Lab 1 – Termite Trails and The Scientific Method


PowerPoint Presentation

Learning Objectives

After completing this activity, students will be able to –

  1. Recognize the parts of The Scientific Method.
  2. Describe why there are certain procedures we follow in lab, ie. only manipulating one variable, avoiding contamination, using proper equipment, etc.
  3. Recognize why “thinking like a scientist” will help students to better understand the world around them.
  4. Demonstrate the difference between a hypothesis and a scientific theory.

Background Information

The Scientific Method

The Scientific Method has some certain characteristics, but it is never set in stone. We, as scientists, can ask questions at any point. We are always researching and learning. We make conclusions and analyze data as it becomes available.  As long as we are always thinking and asking questions, we are using The Scientific Method.



Ask a Question

The Scientific Method starts when you ask a question about something that you observe: How, What, When, Who, Which, Why, or Where?

In order for the scientific method to answer the question, it must be about something that you can measure, preferably with a number.

We know that termites are able to follow one another in the wild, despite being completely blind. How are they able to do that?

Do Background Research

Rather than starting from scratch in putting together a plan for answering your question, you want to be a savvy scientist and use library and Internet research to help you find the best way to do things and ensure that you don’t repeat mistakes from the past.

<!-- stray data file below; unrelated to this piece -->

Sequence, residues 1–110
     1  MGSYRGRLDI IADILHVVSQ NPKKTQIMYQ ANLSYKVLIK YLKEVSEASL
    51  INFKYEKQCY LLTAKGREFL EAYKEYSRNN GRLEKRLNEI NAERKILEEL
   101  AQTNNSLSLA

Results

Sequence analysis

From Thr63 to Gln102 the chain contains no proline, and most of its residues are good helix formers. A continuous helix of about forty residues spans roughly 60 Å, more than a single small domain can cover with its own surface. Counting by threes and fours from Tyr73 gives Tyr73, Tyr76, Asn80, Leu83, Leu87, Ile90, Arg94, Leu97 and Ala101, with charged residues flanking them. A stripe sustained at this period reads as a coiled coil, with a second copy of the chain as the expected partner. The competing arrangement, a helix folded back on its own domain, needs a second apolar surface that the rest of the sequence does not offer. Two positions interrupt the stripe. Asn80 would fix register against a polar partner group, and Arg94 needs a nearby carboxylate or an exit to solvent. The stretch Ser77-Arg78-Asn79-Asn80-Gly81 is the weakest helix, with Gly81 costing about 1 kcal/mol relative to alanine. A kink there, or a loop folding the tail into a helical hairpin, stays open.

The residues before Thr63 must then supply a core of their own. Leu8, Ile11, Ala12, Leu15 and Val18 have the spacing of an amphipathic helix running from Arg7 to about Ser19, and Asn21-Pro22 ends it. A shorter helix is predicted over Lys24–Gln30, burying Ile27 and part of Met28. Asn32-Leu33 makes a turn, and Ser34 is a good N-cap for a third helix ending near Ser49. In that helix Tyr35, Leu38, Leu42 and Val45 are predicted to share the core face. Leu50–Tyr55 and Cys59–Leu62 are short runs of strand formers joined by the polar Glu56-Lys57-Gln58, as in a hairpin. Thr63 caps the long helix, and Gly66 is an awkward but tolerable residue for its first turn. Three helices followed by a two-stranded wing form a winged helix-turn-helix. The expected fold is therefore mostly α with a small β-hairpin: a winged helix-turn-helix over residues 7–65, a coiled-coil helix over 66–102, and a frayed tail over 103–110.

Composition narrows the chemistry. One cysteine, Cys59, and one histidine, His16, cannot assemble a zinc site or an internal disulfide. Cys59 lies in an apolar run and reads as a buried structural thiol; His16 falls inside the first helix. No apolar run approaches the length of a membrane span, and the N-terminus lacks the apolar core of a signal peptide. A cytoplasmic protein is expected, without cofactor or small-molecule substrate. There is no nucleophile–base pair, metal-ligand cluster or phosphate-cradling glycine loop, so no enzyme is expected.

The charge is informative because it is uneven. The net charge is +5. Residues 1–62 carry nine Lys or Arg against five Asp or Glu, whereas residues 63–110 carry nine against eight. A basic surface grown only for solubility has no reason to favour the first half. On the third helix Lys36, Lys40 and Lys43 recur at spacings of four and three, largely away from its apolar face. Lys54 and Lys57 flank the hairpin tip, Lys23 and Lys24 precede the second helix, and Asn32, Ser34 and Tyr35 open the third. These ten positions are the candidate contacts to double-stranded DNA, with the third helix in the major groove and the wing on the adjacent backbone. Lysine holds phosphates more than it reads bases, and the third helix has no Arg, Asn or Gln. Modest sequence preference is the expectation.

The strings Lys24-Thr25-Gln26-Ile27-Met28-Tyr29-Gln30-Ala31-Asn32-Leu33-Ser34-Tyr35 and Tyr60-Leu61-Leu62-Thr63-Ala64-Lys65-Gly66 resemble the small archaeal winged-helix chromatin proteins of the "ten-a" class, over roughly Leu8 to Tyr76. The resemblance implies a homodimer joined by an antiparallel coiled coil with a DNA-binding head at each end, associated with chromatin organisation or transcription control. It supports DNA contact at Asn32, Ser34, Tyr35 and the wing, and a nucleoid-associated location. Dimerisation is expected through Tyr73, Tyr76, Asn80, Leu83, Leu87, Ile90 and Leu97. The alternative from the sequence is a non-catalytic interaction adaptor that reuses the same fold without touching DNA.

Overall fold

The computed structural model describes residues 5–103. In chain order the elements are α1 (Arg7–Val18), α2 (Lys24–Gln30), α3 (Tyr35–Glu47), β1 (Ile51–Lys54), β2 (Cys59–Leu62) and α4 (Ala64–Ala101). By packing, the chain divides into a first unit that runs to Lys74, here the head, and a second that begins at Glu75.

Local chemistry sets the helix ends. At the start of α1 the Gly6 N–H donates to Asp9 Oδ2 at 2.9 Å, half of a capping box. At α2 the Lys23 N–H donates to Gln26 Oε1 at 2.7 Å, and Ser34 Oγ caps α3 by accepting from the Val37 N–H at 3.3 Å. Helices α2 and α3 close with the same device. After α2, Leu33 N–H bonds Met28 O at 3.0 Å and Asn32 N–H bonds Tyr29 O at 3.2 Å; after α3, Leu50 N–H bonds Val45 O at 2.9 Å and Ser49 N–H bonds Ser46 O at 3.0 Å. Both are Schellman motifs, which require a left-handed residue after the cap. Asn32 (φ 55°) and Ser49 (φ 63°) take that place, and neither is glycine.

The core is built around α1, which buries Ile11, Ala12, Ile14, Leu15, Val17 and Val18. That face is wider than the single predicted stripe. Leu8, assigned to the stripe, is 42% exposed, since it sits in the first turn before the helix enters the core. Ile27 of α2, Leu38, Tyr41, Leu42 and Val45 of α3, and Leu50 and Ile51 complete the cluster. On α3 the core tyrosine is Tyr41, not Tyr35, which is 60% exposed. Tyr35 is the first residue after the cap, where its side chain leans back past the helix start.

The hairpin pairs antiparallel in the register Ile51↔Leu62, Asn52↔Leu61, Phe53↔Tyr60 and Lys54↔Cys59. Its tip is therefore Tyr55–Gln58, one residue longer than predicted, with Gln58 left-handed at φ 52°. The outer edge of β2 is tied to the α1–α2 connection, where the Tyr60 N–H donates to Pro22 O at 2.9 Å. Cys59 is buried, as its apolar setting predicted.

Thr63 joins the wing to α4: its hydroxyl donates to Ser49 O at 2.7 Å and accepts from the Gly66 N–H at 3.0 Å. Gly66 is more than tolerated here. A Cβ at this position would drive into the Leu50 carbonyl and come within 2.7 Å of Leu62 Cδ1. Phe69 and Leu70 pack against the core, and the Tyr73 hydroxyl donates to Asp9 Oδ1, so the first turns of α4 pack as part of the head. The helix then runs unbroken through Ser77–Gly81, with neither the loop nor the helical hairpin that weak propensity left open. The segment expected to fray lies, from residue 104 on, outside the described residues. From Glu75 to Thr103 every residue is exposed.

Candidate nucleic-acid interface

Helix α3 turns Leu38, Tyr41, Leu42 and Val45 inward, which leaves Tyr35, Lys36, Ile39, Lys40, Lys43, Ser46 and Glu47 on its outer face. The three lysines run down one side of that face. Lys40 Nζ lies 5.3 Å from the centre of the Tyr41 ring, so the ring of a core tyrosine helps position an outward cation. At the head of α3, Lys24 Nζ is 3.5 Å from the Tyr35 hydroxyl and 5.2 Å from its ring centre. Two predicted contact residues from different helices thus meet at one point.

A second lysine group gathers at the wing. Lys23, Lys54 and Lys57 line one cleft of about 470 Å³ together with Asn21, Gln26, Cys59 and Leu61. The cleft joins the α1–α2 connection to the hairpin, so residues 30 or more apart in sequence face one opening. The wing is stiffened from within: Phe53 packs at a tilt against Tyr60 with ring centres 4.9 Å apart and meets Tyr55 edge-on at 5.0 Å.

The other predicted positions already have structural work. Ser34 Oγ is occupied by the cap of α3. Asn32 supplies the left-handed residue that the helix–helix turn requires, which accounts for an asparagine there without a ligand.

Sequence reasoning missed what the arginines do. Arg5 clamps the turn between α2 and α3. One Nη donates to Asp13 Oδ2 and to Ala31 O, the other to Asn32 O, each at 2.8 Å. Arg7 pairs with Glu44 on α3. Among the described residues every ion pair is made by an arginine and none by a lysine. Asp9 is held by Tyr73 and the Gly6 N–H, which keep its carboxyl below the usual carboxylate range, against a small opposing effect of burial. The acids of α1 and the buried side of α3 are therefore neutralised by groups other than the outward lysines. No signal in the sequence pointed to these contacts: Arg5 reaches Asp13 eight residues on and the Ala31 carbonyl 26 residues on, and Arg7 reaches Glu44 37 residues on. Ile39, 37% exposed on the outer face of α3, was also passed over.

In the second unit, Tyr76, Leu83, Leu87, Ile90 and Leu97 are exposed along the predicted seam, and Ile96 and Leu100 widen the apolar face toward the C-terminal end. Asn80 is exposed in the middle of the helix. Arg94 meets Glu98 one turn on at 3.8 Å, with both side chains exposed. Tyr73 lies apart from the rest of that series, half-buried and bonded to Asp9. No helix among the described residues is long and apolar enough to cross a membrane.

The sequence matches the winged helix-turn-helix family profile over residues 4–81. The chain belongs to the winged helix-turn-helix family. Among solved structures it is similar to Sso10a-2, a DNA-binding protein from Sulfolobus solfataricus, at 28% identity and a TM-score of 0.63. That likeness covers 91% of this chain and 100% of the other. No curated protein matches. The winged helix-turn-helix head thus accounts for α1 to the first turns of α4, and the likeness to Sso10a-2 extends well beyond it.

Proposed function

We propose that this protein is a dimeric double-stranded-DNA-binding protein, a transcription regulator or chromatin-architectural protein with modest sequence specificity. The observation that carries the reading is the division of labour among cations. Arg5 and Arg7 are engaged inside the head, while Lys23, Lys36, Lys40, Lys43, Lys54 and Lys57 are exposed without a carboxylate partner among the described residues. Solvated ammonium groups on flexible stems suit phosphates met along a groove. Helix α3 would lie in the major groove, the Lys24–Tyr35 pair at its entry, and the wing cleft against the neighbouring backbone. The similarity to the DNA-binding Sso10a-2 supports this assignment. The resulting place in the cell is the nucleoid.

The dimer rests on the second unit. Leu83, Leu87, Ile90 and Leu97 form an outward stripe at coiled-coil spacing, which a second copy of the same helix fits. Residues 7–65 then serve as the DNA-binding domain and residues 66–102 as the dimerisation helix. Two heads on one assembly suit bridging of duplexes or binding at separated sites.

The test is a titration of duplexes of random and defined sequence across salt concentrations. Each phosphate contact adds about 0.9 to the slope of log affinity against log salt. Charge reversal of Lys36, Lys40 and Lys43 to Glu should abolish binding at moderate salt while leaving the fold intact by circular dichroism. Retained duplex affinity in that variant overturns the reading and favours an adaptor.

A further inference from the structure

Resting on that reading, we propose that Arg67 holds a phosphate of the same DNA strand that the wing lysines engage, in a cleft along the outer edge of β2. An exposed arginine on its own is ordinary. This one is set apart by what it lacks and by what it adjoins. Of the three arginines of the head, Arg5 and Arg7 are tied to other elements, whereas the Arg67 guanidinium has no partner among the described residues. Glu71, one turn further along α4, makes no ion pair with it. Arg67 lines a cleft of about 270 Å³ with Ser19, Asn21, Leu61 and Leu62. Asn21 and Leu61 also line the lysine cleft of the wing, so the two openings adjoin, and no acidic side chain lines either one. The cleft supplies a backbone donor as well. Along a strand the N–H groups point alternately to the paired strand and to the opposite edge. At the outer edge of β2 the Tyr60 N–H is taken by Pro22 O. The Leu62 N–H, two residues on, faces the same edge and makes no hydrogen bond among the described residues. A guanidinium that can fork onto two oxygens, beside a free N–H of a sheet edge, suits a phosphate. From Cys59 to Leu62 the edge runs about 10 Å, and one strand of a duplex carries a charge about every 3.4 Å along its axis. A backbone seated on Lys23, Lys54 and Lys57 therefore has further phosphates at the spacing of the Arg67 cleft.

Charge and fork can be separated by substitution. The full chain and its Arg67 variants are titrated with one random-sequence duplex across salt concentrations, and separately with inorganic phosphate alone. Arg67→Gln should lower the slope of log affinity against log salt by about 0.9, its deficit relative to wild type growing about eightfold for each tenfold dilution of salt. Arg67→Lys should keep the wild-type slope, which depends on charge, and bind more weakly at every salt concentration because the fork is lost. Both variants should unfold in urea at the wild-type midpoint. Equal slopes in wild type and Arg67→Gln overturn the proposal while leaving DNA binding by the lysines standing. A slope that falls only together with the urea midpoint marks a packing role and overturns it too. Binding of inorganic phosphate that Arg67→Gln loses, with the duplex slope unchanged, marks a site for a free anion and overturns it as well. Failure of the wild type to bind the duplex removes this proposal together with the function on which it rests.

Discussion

In this lab, understanding what we already know about termites will help us to ask better questions.

Construct a Hypothesis

A hypothesis is an educated guess about how things work. In order to test hypotheses, we often put them in a form of a prediction:

“If [I do this] , then [this] will happen.”

For example:

If I increase the amount of root hormone, then the roots will grow faster than the control.

If I decrease the amount of root hormone, then the roots will grow more slowly than the control.

If I increase the amount of sunlight, the plant will grow taller than the control.

If I decrease the amount of sunlight, the plant will grow more slowly than the control.

You must state your hypothesis in a way that you can easily measure, and of course, your hypothesis should be constructed in a way to help you answer your original question.

What is your hypothesis/prediction?

Test Your Hypothesis by Doing an Experiment

Your experiment tests whether your hypothesis is true or false. It is important for your experiment to be a fair test. You conduct a fair test by making sure that you change only one factor at a time while keeping all other conditions the same.

You should also repeat your experiments several times to make sure that the first results weren’t just an accident.

Analyze Your Data and Draw a Conclusion

Once your experiment is complete, you will collect your measurements and analyze them to see if your hypothesis is supported or not.